At the family conference this past week some folks reminded me of a poem I had quoted in a sermon some years before. That poem was written by J. Robertson McQuilkin, the president of Columbia Bible College (my alma mater). The poem speaks for itself.
It’s sundown, Lord. The shadows of my life stretch back into the dimness of the years long spent. I fear not death, for that grim foe betrays himself at last, thrusting me forever into life: life with You, unsoiled and free. But I do fear. I fear the dark specter may come too soon–or do I mean too late? I fear that before I finish I might stain Your honor, shame Your name, grieve Your loving heart. Few, they tell me, finish well. Lord, let me get home before dark.
Will my life show the darkness of a spirit grown mean and small, fruit shriveled on the vine, bitter to the taste of my companions, a burden to be borne by those brave few who love me still? No, Lord, let the fruit grow lush and sweet, a joy to all who taste, a Spirit-sign of God at work, stronger, fuller. Brighter at the end. Lord, let me get home before dark.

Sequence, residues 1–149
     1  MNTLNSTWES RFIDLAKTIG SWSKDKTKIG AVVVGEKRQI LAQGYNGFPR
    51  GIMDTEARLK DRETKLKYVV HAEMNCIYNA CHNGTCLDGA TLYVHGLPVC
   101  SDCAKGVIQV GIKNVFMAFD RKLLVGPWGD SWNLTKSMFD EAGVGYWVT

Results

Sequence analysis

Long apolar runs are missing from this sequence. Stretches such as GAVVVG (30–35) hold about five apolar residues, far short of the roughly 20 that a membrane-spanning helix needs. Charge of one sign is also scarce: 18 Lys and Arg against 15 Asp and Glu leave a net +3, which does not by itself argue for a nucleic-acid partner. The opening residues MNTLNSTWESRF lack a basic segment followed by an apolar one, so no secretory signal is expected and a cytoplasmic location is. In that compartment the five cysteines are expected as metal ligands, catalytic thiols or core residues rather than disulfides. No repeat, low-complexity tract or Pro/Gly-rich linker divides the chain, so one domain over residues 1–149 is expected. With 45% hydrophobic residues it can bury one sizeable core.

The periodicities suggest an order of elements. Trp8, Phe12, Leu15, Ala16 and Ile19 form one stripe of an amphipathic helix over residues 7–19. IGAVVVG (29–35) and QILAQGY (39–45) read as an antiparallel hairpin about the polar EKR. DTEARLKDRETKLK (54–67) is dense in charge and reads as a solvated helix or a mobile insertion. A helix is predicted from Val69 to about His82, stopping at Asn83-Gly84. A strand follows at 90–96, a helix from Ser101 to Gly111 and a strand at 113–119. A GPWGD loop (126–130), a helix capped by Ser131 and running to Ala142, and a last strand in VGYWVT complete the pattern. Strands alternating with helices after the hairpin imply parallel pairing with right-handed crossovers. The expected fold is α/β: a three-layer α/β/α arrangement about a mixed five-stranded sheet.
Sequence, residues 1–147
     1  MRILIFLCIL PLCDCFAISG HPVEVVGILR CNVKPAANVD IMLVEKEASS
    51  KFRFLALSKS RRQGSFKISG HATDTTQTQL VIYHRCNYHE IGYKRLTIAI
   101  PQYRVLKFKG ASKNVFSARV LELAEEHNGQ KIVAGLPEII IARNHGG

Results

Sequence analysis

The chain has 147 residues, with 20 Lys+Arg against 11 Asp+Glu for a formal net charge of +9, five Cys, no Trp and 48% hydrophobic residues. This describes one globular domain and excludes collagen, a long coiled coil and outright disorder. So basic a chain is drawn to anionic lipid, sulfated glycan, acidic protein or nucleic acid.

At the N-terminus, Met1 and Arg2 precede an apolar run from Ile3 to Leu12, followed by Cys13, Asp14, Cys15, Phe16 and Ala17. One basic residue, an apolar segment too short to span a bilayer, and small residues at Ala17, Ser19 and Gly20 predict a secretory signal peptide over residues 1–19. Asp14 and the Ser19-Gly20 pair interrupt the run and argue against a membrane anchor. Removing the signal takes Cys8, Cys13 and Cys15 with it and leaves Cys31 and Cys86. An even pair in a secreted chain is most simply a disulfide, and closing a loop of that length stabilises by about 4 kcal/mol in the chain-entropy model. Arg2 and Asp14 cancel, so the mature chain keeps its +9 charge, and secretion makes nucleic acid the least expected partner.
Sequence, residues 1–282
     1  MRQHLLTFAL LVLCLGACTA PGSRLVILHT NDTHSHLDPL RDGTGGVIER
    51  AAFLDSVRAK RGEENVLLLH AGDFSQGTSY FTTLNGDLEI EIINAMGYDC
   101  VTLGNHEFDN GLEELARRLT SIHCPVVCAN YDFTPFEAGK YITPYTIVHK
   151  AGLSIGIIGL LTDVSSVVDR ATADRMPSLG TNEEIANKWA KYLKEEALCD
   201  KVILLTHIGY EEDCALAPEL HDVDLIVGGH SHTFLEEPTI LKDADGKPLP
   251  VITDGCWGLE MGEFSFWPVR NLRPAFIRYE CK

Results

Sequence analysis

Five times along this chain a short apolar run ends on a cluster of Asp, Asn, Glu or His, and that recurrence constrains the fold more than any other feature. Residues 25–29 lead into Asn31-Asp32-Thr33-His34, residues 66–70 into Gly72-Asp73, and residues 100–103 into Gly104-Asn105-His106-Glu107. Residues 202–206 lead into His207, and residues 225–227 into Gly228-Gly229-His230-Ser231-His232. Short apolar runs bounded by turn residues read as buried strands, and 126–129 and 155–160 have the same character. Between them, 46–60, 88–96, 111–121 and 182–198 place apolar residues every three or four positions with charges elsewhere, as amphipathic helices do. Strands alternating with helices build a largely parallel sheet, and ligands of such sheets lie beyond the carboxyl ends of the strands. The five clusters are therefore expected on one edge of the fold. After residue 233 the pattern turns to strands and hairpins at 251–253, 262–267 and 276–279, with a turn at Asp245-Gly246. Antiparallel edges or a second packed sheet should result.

Will be the darkness of tattered gifts, rust-locked, half-spent, or ill-spent, a life that once was used of God now set aside? Grief for glories gone or fretting for a task God never gave? Mourning in the hollow chambers of memory, gazing on the faded banners of victories long gone? Cannot I run well until the end? Lord, let me get home before dark.
The outer me decays–I do not fret or ask reprieve. The ebbing strength but weans me from mother earth and grows me up for heaven. I do not cling to shadows cast by mortality. I do not patch the scaffold lent to build the real, eternal me. I do not clutch about me my cocoon, vainly struggling to hold hostage a free spirit pressing to be born.
But will I reach the gate in lingering pain–body distorted, gro-tesque? Or will it be a mind wandering untethered among light phantasies or grim terrors? Of Your grace, Father, I humbly ask…let me get home before dark.